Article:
Local beer is better

Get a taste of summer as spring sets in
By TODD RICHARD  |  April 25, 2007
inside_beer

Mainers know better. With the thaw still a glimmer of hope on the horizon, Maine’s craft and micro breweries are already bringing their summer selections to market. But, the local folks know not to let their guard down. These seasonal specials are meant to tide us over, not lead us to believe that we are in the clear. With a short spate of warm weather ahead, it seemed time to take a look at how this season’s offerings stack up against each other and summers past.

Nothing represents summer in the Old Port better than an afternoon on the Sebago Brewing patio with some pals, a lobster roll and a Hefeweizen. By now, most beer drinkers have at least been aware of the wheat-beer craze, beginning in the late ’90s, and still alive and well today. The brewers at Sebago managed to harness Belgian goodness, and they put it on tap to share with the world.

Recently, Sebago began offering their beers in bottles at retail. This was surely a boon for the beer lovers, as it certainly increased the chances to enjoy their excellence. This year’s Hefeweizen stands up easily up to the legacy, bearing a balanced citrus note with a floral nose of coriander and a slightly creamy mouthfeel. Don’t sleep on this: go immediately to your local Sebago location or good beerseller and buy this. In the time it takes you to consider it, it may be gone.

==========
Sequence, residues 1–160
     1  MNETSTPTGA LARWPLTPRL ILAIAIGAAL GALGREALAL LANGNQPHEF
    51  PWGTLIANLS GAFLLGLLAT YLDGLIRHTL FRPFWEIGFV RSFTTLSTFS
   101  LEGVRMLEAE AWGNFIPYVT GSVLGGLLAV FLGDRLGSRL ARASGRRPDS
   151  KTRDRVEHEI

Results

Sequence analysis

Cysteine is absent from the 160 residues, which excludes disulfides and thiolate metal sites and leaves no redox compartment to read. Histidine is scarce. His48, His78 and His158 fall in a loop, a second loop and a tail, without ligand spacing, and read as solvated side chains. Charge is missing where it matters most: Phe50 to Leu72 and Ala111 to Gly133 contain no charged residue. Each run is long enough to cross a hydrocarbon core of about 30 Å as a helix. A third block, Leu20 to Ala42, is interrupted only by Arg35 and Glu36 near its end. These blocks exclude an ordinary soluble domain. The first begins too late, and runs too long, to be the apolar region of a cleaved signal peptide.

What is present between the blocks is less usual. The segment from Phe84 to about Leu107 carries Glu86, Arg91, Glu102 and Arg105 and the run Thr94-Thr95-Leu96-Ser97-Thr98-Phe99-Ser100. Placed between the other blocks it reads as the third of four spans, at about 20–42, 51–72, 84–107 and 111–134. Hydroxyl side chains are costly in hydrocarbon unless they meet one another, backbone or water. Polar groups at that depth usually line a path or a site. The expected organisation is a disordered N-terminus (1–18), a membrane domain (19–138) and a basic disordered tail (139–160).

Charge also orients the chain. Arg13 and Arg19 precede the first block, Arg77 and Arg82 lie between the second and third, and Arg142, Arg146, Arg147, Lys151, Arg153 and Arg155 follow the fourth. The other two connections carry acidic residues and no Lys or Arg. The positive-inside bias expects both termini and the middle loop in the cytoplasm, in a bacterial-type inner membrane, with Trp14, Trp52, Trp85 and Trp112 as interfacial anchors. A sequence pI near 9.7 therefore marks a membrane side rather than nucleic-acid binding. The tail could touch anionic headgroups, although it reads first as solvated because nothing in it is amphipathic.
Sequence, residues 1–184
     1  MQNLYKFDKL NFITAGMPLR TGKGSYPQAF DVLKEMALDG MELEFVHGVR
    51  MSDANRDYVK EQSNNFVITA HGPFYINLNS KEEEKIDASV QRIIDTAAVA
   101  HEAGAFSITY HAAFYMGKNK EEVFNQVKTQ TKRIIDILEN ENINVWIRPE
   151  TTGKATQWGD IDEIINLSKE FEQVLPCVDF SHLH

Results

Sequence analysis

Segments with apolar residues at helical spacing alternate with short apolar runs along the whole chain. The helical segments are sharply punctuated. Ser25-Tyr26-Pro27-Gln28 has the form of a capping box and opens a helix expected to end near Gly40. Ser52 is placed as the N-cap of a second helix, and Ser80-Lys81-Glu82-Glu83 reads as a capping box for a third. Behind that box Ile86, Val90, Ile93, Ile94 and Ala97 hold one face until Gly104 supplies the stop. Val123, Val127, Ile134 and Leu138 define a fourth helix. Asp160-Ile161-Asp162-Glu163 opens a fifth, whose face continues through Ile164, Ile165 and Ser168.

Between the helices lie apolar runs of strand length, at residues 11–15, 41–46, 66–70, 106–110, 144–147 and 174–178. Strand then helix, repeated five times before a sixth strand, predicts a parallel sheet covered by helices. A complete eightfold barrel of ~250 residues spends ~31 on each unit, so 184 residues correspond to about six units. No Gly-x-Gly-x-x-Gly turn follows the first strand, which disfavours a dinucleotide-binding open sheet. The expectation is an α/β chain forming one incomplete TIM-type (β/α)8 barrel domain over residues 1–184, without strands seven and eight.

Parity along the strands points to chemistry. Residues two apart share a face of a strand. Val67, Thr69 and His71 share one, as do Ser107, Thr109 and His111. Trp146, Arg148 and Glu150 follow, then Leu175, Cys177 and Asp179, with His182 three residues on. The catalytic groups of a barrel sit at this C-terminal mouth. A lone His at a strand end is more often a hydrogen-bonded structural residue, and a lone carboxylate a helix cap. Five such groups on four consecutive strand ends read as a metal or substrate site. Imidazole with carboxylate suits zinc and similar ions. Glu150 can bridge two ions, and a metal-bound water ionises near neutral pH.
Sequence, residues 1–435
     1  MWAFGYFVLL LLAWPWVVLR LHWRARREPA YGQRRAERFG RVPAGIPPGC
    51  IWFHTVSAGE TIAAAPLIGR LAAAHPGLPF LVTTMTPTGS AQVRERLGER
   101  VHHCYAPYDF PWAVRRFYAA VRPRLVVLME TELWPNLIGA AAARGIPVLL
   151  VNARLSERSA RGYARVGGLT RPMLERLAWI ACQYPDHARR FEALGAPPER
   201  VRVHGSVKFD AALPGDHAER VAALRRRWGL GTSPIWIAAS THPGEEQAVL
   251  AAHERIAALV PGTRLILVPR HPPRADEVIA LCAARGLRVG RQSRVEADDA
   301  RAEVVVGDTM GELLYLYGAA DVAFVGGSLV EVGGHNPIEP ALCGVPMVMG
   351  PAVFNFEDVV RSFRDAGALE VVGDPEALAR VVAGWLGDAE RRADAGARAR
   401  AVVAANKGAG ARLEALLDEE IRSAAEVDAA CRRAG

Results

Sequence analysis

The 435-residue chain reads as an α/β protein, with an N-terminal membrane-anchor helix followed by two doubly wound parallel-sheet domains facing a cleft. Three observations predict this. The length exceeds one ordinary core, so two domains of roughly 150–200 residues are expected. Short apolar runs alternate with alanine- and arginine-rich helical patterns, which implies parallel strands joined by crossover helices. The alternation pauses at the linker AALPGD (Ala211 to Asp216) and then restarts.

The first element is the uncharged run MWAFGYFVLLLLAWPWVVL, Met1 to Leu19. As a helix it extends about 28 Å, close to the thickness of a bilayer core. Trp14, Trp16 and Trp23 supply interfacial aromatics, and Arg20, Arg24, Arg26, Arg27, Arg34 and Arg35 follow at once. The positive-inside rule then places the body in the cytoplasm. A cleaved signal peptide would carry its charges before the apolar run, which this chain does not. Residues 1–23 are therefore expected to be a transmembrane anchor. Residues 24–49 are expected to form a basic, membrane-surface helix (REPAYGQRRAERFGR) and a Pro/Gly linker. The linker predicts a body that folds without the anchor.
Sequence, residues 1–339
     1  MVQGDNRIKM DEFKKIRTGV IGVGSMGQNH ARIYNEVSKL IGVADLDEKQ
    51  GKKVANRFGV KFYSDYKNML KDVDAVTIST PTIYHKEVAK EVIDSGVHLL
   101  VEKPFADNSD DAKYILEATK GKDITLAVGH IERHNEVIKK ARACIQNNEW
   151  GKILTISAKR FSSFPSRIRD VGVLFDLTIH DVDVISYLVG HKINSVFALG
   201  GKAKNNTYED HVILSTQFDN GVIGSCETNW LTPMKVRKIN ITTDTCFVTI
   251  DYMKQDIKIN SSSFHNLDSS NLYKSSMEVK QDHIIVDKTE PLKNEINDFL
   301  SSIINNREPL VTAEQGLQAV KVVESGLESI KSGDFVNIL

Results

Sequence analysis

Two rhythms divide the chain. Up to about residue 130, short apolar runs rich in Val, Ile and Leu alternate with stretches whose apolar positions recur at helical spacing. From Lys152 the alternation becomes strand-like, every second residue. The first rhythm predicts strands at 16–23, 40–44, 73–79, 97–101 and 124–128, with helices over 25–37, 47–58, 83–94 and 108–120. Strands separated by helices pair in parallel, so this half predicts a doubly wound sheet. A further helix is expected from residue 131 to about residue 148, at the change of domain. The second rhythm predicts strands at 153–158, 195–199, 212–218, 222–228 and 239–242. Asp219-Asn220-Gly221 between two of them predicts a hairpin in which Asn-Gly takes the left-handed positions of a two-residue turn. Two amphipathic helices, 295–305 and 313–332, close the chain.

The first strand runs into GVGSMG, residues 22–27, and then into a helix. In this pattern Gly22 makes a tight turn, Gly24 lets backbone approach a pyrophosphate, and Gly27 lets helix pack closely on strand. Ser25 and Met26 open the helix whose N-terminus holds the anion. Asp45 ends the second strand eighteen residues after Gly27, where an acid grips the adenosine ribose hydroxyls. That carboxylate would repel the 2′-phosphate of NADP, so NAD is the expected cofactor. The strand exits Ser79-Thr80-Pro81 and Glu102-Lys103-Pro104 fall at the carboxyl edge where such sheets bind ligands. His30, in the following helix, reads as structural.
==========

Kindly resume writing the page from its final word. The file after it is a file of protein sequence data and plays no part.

Another hallmark of summer is the Geary’s Summer Ale. This is always stellar, and possesses a lovely, sunny, light-copper hue and a brightness on the palate. It’s a perennial favorite, in bottle or on tap. (And it’s optimistic: it has been out almost a month, sharing space in some store fridges with the last of the Geary’s Winter Ale.) The Summer Ale is remarkably consistent from season to season, and consistent with the rest of Geary’s impressive line. Geary’s has won a battle that many lesser microbreweries lose horribly: they manage to make all of their offerings taste unique, yet congruous, without being too similar. Also of note: their collaboration with MECA and the resulting scholarship program always yields graphically sexy bottle and package art that stands out easily in the often crowded playing field on shelves and in coolers.

Shipyard has a highly respected and much-envied place in the pantheon of local beers. Their longevity and widespread availability are examples for many up-and-coming breweries in Maine and far beyond. The Summer Ale has a signature taste and easy drinkability. Of all the local beers, this one seems to be on the taps of many Portland-area watering holes and on the minds of patio bar patrons the entire Old Port over.

While Geary’s advances on the public through their bright colors and smart designs, Gritty’s prefers to trumpet the arrival of the summer by taking to the airwaves. Their cartoonish and slightly self-deprecating radio spots are the stuff of legend, whether it be summer or warning of their frighteningly good Halloween Ale. The Vacationland bottles are enjoyable, but absent is the setting of their small spot of prime patio space on Wharf Street. This one might be best consumed on the premises with their barley-coated fried fish sandwich and some sweet potato fries.

Whether you’re heading to the backyard or the boat, enjoying them from the store or patio bar, there are winners here for all tastes. Just don’t wait, as we all know how short Maine’s summer really is.

Email the author
Todd Richard: tmr@maine.rr.com

  Topics: Food Features , Culture and Lifestyle, Beverages, Food and Cooking,  More more >
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